Study focuses on identification of SARS-CoV-2 virus features causing COVID-19 using primate model

ANI
·2-min read
Representative image
Representative image

Seoul [South Korea], November 15 (ANI): Features of the SARS-CoV-2 virus causing COVID-19, which could be useful for developing vaccines and treatment strategies, were identified using a nonhuman primate model developed at the Korea Research Institute of Bioscience and Biotechnology (KRIBB).

The work was initiated in February this year by the research team led by Dr Jung Joo Hong at the KRIBB National Primate Research Center and resulted in the successful development of a nonhuman primate model of COVID-19 infection, the fourth model reported worldwide, following China, the Netherlands, and the US. The results of the study were part of a larger research project aiming to identify key features of severe acute respiratory syndrome coronavirus-2(SARS-CoV-2), the virus causing COVID-19, and to test for the efficacies of COVID-19 vaccines and treatments using the primate model.

In the primate study, vascular abnormalities due to the infection, reasons underlying fatality of COVID-19 infection, particularly in immunocompromised patients, sites of SARS-CoV-2 multiplication inside the human body, and the time-course and were investigated.

The research team showed, for the first time, that SARS-CoV-2 caused vascular inflammation and that the endothelins persisted even 3 days after the infection. Further, they confirmed immunosuppression, which is typically observed in patients with immunodeficiency, when the viral load increased precipitously during COVID-19 infection(first 2 days after getting infected).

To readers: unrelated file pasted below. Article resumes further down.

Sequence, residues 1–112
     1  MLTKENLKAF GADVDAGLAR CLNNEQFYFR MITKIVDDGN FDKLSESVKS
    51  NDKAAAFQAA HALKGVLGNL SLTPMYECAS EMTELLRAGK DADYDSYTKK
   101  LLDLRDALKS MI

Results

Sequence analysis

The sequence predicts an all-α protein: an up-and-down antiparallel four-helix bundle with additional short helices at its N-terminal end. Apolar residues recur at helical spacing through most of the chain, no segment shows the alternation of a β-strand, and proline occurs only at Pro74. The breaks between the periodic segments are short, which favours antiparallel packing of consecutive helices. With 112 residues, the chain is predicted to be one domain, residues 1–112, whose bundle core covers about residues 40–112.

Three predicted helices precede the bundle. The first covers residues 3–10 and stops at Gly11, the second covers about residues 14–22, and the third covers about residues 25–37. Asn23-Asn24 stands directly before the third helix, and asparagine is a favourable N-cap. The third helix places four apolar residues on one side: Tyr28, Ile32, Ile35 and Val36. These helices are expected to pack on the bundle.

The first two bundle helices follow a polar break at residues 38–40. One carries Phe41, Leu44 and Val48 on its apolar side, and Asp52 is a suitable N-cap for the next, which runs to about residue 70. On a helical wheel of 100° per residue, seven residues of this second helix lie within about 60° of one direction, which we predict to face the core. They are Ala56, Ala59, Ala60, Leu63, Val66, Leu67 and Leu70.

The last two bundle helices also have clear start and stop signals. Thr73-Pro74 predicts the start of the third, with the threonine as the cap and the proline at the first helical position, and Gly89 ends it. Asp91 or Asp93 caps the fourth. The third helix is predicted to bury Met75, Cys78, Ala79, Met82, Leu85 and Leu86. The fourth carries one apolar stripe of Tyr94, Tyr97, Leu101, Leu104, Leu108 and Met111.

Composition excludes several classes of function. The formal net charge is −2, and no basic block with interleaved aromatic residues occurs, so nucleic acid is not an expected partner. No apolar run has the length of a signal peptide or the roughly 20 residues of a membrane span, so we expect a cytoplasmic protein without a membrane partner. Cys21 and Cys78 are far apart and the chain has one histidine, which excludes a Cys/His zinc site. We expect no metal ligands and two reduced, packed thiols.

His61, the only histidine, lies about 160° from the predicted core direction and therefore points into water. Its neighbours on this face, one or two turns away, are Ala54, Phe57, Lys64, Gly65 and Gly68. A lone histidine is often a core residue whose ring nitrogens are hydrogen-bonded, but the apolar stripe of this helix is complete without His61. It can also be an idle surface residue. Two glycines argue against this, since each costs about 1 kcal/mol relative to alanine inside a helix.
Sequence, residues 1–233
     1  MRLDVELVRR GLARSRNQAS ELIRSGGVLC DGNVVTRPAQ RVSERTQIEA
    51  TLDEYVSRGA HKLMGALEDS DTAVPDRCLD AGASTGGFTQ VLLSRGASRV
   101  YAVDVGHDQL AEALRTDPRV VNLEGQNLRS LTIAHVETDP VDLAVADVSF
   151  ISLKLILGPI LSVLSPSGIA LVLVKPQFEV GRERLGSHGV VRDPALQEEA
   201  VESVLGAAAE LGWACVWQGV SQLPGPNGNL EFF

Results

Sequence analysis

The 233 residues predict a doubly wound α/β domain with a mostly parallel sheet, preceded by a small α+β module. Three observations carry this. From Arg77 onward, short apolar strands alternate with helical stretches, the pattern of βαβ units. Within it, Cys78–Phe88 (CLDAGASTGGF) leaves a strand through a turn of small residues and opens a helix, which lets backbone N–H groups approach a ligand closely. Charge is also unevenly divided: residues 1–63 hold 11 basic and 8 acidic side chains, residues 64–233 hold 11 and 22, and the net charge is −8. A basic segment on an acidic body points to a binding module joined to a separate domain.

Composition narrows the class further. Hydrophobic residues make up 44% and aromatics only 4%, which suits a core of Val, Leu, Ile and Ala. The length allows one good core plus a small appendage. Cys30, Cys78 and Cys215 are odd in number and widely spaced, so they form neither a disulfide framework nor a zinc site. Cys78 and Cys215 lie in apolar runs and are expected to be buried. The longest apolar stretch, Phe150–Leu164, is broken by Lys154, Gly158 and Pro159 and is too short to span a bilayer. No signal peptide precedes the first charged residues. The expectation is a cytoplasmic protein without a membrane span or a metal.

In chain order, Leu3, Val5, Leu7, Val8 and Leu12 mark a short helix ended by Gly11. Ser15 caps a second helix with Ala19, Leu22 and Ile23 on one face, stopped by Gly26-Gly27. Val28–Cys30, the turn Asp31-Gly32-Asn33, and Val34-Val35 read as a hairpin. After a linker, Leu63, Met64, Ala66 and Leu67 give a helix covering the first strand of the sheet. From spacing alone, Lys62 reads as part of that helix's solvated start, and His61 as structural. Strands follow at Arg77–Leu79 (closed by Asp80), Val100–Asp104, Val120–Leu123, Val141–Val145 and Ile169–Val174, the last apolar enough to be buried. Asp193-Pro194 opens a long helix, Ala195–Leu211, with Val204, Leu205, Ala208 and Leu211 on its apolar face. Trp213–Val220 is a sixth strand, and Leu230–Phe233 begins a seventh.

This study was featured on the cover of the Journal of Infectious Diseases, a world-class academic journal in the field of infectious diseases. The issue's online edition became available on August 3, 2020, and the article will be printed the November 15 issue.

The research team observed that the virus multiplied rapidly in the upper and lower respiratory tracts of the experimental primates in the first 2 days after the viral infection. Subsequently, the viral load decreased quickly, and the viral activity was not detected 7 days after the infection.

These findings are expected to provide novel insights regarding the diagnostic challenges associated with a false-positive test, i.e., a positive result of the reverse transcriptase-polymerase chain reaction(RT-PCR) test for an asymptomatic. (ANI)